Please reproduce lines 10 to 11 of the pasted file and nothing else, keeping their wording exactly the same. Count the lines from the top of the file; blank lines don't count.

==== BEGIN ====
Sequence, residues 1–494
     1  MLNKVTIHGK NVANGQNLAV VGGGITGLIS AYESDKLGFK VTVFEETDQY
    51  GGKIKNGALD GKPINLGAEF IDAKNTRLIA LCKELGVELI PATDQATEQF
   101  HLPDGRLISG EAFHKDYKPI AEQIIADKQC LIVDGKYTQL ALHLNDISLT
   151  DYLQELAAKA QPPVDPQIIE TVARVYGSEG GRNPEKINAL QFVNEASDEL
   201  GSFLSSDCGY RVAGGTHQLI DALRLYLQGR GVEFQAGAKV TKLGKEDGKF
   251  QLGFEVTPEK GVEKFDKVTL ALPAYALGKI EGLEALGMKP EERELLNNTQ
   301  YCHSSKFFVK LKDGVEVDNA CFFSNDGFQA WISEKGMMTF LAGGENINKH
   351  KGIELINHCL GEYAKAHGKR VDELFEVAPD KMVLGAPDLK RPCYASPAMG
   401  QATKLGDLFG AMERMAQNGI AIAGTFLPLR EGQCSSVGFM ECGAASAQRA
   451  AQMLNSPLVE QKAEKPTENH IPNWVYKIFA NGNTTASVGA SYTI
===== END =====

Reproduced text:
   401  QATKLGDLFG AMERMAQNGI AIAGTFLPLR EGQCSSVGFM ECGAASAQRA
   451  AQMLNSPLVE QKAEKPTENH IPNWVYKIFA NGNTTASVGA SYTI